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Levendosky Alytia Levendosky
Director of Clinical Training
Primary Program: Clinical
107C Psychology
(517) 353-6396

Research Statement

Dr. Levendosky's primary program of research is devoted to understanding the intergenerational transmission of domestic violence and the risk and protective factors for women and children exposed to domestic violence. She is particularly interested in the early mother-child relationship, beginning during pregnancy, and how that may be a vehicle for this intergenerational transmission. As part of her program of research, she examines physiological factors, behavioral factors, as well as relational factors, including attachment in her investigations of the mechanisms through which violence and its effects are transmitted from parent to child.

Related Research Websites
MSU Mother Infant Study The study is focused on understanding the influences of domestic violence on the lives of women and children. Half of our original sample experienced some level of abuse from their partners (from mild to severe) and half served as the control group. Over time, however, some women have moved into and some out of abusive relationships. We are interested in what creates conditions of risk and resilience for these women and children. We also study how women's parenting and mental health as well as the social and psychological adjustment of their children are affected by various levels of hardship posed by domestic violence and other life circumstances.
Mother and Babies Study Does stress during pregnancy affect women's and infant's physical and emotional health? Our research examines whether relationship conflict is a stressor that works like other stressors by affecting the body's stress system and emotional responses to stress. We are recruiting 160 women and their one-year old children. The women will include those with and without relationship conflict during pregnancy and those with and without relationship conflict during the first year of the child's life. Looking at differences among these women and children will allow us to understand how relationship conflict affects women and children at different times in their lives.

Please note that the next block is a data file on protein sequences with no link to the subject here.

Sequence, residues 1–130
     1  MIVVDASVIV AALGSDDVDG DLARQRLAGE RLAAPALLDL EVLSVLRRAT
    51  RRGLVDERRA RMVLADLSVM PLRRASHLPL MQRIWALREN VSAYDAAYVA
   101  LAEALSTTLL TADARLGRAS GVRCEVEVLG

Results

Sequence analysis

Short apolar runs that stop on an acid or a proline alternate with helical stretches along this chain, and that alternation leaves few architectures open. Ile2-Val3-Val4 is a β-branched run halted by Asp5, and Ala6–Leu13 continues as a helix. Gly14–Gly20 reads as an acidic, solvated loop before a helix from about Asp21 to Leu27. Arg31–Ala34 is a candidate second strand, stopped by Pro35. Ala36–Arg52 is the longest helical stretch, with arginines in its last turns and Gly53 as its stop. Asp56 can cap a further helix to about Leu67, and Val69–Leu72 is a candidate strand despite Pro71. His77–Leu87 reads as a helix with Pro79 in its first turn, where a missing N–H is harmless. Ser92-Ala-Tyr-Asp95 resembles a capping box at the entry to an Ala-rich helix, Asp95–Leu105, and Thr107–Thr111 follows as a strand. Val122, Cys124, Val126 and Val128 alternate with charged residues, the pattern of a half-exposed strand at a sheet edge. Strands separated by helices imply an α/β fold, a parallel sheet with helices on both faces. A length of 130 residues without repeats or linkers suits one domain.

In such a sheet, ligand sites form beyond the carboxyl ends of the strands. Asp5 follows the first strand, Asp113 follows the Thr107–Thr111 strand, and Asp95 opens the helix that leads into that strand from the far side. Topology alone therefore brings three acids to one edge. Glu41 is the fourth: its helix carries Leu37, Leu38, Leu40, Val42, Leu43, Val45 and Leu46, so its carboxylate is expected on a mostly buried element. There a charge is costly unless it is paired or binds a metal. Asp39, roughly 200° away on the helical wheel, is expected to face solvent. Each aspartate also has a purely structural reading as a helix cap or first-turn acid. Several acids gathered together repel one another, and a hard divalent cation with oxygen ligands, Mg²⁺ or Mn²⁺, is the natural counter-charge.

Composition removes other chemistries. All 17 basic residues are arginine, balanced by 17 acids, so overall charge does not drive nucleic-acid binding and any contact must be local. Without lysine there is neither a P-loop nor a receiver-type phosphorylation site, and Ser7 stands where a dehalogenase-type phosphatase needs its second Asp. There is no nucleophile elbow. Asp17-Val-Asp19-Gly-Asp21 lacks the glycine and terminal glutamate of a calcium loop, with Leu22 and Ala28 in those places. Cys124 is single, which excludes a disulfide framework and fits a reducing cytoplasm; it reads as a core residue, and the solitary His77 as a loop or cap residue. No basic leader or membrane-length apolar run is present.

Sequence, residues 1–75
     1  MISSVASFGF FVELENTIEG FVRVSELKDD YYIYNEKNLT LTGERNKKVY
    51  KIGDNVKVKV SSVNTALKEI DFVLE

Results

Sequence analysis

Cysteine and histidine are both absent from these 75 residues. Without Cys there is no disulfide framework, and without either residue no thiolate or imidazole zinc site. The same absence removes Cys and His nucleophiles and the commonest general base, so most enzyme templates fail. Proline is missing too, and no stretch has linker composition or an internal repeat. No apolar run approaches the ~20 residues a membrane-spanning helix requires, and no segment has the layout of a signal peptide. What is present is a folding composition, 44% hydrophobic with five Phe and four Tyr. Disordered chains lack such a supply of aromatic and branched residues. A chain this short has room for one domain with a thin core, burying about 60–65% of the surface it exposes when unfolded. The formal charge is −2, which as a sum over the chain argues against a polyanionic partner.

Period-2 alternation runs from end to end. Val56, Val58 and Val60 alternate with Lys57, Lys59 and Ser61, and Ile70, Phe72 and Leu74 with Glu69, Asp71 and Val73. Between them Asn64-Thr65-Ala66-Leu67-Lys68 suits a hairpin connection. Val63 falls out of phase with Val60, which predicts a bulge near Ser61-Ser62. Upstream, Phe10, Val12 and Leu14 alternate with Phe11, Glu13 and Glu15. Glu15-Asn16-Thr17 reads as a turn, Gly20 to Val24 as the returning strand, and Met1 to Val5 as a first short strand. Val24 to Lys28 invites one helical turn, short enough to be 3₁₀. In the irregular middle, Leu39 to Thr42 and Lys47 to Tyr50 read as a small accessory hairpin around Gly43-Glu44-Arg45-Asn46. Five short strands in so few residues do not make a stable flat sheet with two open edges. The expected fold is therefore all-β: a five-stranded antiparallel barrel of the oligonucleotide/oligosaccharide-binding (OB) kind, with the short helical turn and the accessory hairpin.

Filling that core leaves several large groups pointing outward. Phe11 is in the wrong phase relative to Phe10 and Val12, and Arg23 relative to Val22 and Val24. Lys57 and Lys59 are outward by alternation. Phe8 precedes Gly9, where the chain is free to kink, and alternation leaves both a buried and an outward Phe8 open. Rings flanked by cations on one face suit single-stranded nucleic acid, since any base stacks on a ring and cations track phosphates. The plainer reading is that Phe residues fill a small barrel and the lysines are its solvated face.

Research Publications    
2013Lannert, B., Levendosky, A.A., & Bogat, G. A. (2013). The interaction of maternal personality traits and intimate partner violence as influences on maternal representations. Infant Mental Health Journal, 34, 222-233.
2013Levendosky, A. A. (2013). Drawing conclusions: An intergenerational transmission of violence perspective. Psychodynamic Psychiatry, 41, 351-360.
2013Basu, A., Levendosky, A. A., Lonstein, J. S. (2013). Trauma sequelae and cortisol levels in women exposed to intimate partner violence. Psychodynamic Psychiatry, 41, 247-275.
2013Bogat, G. A., Garcia, A., & Levendosky, A. A. (2103). Assessment and psychotherapy with women experiencing intimate partner violence: integrating research and practice. Psychodynamic Psychiatry, 41, 189-217.
2013Levendosky, A. A., Bogat, G. A., & Martinez-Torteya, C. (2013). PTSD symptoms in young children exposed to intimate partner violence. Violence Against Women, 19, 187-201.
2012Eshelman, L. & Levendosky, A. A. (2012). Dating violence: Mental health consequences based on type of abuse. Violence and Victims, 27, 215-228.
2012Levendosky, A. A., Lannert, B., & Yalch, M. (2012). The effects of intimate partner violence on women and child survivors: An attachment perspective. Psychodynamic Psychiatry,40, 397-434.
2011Levendosky, A. A., Bogat, G. A., & Huth-Bocks, A. (2011). The influence of domestic violence on the development of the attachment relationship between mother and young child. Psychoanalytic Psychology, 28(4), 512-527.
2011Levendosky, A. A., Bogat, G. A., Huth-Bocks, A., Rosenblum, K., & von Eye, A. (2011). The effects of domestic violence on the stability of attachment from infancy to preschool. Journal of Clinical Child and Adolescent Psychology, 40, 398-410.
2011Malone, J.C, Westen, D., & Levendosky, A. A. (2011). Personalities of adults with traumatic childhood separations. Journal of Clinical Psychology, 67, 1-24.